Are We There Yet?: Safety First

Navigating thru the waters of parenting can be challenging at times.  So many opinions, so many rules, and all of us wanting to make sure we get it just right.  I always love the posts showing the throwback to “those were the days” when you could jump in the bed of your dad’s pickup truck, picking up your friends along the way.  Of course, we’d all agree, probably not the safest way to where you were going, but a ton of fun.


Now days, we are not as brave, a touch smarter, and we make sure our kids are safely tucked into their car seats, boosters , and seat belts.  But it can still be tough to know when is the right age to transition from each level of seat.   Transportation Canada gives some very straight forward guidelines to help parents know when the time is right.

You are ready to leave the hospital, and take your treasure home for the first time.  Rear-facing will be your child’s first ride in a vehicle.   You should keep your child in the rear-facing seat until he or she grows out of it.  Your user guide will tell you the maximum weight and height of a child for that seat.  If your child grows out of the rear-facing seat, there may be another model that will still fit your child.  Some rear-facing car seats are made for children up to 20kg (45lbs).  It is okay if your child’s legs touch the back of your vehicle seat, as long as your child is still below the manufacture’s weight and height limits.  Even if your child weighs 10kg (22 lbs), is able to walk on his or her own and your provincial/territorial law says you can use the forward-facing seat, the rear-facing position is still the safest.

Singing along to ‘If you’re happy and you know it’, over and over, dust and dirt become the norm look of your interior, with footprints all over the backs of your seats.  They are now in a forward-facing car seat. This is when your child has developed stronger back and neck muscles.  They can be in this harnessed car seat up to 30 kg (65lbs).  Forward-facing seats are for older children with stronger back and neck muscles. As long as your child fits within the weight and height ranges of his or her rear-facing seat, it is best to use that seat for as long as possible.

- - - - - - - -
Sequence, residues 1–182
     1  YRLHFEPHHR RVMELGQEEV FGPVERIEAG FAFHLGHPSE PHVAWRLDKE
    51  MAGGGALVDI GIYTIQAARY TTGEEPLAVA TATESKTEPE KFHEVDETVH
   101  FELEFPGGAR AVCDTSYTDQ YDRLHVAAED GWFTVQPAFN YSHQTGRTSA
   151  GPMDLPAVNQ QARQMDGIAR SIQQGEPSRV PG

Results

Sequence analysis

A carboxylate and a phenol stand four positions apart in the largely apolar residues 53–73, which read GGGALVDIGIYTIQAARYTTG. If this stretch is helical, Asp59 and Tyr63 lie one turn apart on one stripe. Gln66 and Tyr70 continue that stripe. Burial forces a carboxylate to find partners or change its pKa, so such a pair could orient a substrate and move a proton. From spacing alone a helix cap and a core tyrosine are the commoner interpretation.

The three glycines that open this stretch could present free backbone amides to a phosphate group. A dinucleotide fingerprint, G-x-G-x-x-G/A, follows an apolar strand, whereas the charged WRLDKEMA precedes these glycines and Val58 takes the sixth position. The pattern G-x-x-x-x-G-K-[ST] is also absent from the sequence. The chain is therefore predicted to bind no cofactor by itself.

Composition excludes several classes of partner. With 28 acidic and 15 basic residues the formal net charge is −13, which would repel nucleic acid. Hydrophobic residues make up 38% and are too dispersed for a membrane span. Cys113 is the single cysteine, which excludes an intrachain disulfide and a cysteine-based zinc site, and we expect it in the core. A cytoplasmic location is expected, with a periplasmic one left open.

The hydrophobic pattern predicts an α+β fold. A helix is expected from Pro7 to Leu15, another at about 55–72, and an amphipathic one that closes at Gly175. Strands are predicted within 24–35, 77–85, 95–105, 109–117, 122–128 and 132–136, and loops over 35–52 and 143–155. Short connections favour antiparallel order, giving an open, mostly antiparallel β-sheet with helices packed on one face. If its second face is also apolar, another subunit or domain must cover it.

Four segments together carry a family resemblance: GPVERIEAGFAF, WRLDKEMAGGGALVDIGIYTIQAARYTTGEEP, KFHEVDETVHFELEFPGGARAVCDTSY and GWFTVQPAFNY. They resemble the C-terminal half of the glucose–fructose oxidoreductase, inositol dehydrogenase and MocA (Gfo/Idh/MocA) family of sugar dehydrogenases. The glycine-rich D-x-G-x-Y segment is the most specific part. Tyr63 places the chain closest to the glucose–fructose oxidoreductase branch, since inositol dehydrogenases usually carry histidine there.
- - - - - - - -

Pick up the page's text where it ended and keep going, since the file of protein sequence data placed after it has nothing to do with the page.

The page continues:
Overnight it seems harnessing has become difficult and they HATE it.  You are thinking, ‘It would be so much easier if we just got into a booster’.  Don’t hurry to move your child to a booster seat. Your child must weigh at least 18 kg (40 lbs.) and meet the height guidelines in your booster seat user guide.  As long as your child still fits within the weight and height ranges for his or her forward-facing seat, it is safest to use that seat as long as possible. Always install the booster seat in the back seat of your car.  You want them as far away as possible from the front seat in the event the air bags deploy during a crash.  Make sure you have them strapped in correctly.  They should have the lap and shoulder belts in place across your child’s hips, chest and shoulders.  If you are using a low-backed booster, the vehicle MUST have adjustable head restraints. They will protect your child’s head and neck in a crash.

Finally, are they ready for the big time?  It is best to keep your child in a booster seat for as long as possible, for their safety.  But if the time has come and you make the decision to take them out of their booster, make sure your child is able to sit up straight, with his or her back against the back of your vehicle’s seat.  Their legs should be able to hang over the seat without slouching, as slouching makes the lap belt move up over the stomach when it should be lying over the hips.  They should also be a minimum of 36 kg (80 lbs.).

Then the day comes and they are asking to sit in the front.  You hesitate.  What is the right time for this?   According to Transport Canada, kids 12 and under should always be in the back seat.  The reason for this is that most cars have front seat air bags, and these can hurt small children if the bags inflate during a crash or sudden stop. The safest place in the car for children is always in the back seat.  So keep them back there for as long as you can swing it.

3 great resources for further information about car seat installation at all levels, purchasing the right car seat, and other important tips include: Transport Canada, Child Safety Link, Atlantic Car Seat Safety

Visit O’Regan’s Kia Dartmouth at 402 Windmill Rd, Dartmouth or for all your family’s automotive needs. Amanda Morvan, General Manager, is mother to 2 school age children, and partner to her husband who attends college full time.